Solitude ~ The Beauty of Silence
Deva Premal | Password  – Mangalam
So many of us are afraid of being alone. We seem to dread our own company seeking instead to dissolve ourselves in a sea of noise from the various technologies in our homes. We’ve lost the appreciation of peace and quiet. The solace found in a good book or quiet contemplative music. Always we seem to be on the run even inside our own homes. Perhaps we are really running from ourselves.
Beethoven ~ Silencio
I often visualize myself beside a mountain stream that runs alongside my cabin hideaway, seated along the rocky shore coast near a lighthouse watching the waves crash into the shoreline, just sitting contemplating nature, God’s beautiful creation. I find even within the busyness of New York I find myself, my peace, my tranquility in the early morning hours right as dawn is breaking beyond the horizon when all is still as Apollo’s chariot rides across the landscape.
As a young girl I grew to appreciate silence and it’s sister quiet from my Mom Mable Palmer. Whenever there was a thunderstorm with it’s accompanying lightening Mommy turned off all the lights, the TV, radio, did not allow us to talk on the phone or get near the windows. More or less my brother Stephen and I were sitting in the dark secretly wishing the rainstorm over so we could turn our television back on! My mother’s explanation for this retreat was “God is working.” I did not appreciate this homespun wisdom until I was much older then I began to see God’s call for us to stop whatever we were doing and witness His power in Nature.
Claude Debussy – Prelude to the Afternoon of a Faun
A wise friend posted this as part of her blog message: “the philosopher Soren Kierkegaard and his idea of busyness: that state of constant distraction that allows people to avoid difficult realities and maintain self-deceptions.” I believe like my colleague that we are distracted, engulfed and barraged by man made technologies. I think technology has become our Master and the sense of peace from Solitude found within Nature, a good book, or just silent meditation in the early morning is becoming ever more lost in our fast paced society. My ideal vacation would be near water, maybe a Lighthouse, the beach curled up with a good old fashioned book.
Antonio Vivaldi – The Four Seasons (Full)
Far from the maddening crowd, the raucous noise and loud talk, the vacuous never-ending din coming from radios, TVs, computers, Boom boxes, CDs, DVDs, and other devices that only add to the endless conversations already going on inside our heads.
Solitude is my sanctuary, my peace, my tranquility. A great story transports me to another world sometimes centuries in the past, yet filled with characters so real, expressing all the human foibles that make us know that human nature never changes.
I along with my colleagues believe that we are being absorbed by our self-created technologies. Without sounding too Trekkie we have become assimilated into the Borg collective because there was no resistance to begin with. Or is our future found in the movie classic Metropolis where our saviour is a machine as opposed to flesh and blood women and men ministering to the community. Our society has become very apathetic and indolent drinking the Kool-Aid and believing the hype that we must have every last techie gadget affixed to nearly every orifice on our bodies. We so plugged in and absorbed by our own genius, power and authority that we’ve lost the ability to connect on a person to person level. Perhaps soon like in the movie 2001 A Space Odyssey we will answered to H.A.L. Actually maybe many of us already have…. Bombarded by media talking heads aka retro Max Headroom Coke commercial about who we should be, drink, eat, wear instead of appreciating who we really are.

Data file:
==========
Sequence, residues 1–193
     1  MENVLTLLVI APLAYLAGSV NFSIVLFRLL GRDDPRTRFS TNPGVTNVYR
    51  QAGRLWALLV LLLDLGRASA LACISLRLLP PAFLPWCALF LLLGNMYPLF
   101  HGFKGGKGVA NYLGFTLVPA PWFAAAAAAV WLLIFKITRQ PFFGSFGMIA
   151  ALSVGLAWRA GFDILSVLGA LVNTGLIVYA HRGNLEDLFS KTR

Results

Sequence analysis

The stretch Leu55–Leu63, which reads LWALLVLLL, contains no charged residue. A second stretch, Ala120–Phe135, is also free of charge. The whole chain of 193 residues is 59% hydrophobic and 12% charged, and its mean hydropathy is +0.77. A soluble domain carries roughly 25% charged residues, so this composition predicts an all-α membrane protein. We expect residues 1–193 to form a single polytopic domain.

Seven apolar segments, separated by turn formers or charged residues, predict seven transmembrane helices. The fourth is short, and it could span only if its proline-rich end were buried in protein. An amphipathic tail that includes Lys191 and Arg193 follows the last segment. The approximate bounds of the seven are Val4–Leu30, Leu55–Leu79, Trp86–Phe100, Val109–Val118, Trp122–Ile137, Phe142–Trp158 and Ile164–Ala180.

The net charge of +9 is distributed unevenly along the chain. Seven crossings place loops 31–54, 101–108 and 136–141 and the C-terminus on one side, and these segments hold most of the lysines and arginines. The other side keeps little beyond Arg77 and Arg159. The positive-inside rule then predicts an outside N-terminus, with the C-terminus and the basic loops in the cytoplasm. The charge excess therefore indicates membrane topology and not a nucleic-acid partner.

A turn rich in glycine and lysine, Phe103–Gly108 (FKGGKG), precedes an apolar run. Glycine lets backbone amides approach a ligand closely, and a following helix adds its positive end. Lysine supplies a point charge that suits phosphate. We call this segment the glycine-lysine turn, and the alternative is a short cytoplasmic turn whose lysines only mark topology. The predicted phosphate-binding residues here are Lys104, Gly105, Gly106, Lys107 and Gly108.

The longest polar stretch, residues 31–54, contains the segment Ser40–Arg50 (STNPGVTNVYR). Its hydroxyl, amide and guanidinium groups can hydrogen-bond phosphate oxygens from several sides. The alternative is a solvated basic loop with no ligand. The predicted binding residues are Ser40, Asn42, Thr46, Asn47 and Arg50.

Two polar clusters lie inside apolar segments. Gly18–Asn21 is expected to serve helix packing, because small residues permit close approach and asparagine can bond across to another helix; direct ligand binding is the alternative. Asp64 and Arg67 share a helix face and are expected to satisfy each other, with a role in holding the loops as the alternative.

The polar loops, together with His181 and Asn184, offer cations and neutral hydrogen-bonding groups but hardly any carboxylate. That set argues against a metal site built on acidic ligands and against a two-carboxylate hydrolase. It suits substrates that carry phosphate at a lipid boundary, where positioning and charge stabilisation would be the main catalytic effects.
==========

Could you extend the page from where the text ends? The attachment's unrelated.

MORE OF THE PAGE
As for me I search for the still small voice of the Beloved’s embrace. I see the face of God not only in nature but in the magnificence of St. Patrick’s Cathedral, the mosaic ceiling located in the Islamic Wing of the Metropolitan Museum of Art, the Hebrew song of praise glorifying God from a Jewish brother as I made my way up the subway escalator. I am as the hart in Psalm 42 who seeks out God’s presence within all peoples and all cultures.
King James Version (KJV)
42 As the hart panteth after the water brooks, so panteth my soul after thee, O God.
2 My soul thirsteth for God, for the living God: when shall I come and appear before God?
3 My tears have been my meat day and night, while they continually say unto me, Where is thy God?
4 When I remember these things, I pour out my soul in me: for I had gone with the multitude, I went with them to the house of God, with the voice of joy and praise, with a multitude that kept holyday.
5 Why art thou cast down, O my soul? and why art thou disquieted in me? hope thou in God: for I shall yet praise him for the help of his countenance.
6 O my God, my soul is cast down within me: therefore will I remember thee from the land of Jordan, and of the Hermonites, from the hill Mizar.
7 Deep calleth unto deep at the noise of thy waterspouts: all thy waves and thy billows are gone over me.
8 Yet the Lord will command his lovingkindness in the day time, and in the night his song shall be with me, and my prayer unto the God of my life.
9 I will say unto God my rock, Why hast thou forgotten me? why go I mourning because of the oppression of the enemy?
10 As with a sword in my bones, mine enemies reproach me; while they say daily unto me, Where is thy God?
11 Why art thou cast down, O my soul? and why art thou disquieted within me? hope thou in God: for I shall yet praise him, who is the health of my countenance, and my God.
This small picture does not capture the full glory of the Moorish Islamic Ceiling located in the Islamic Wing of the Met. You really have to see it in person to appreciate the enormous grandeur and intricacies’ of this entrancing artwork.
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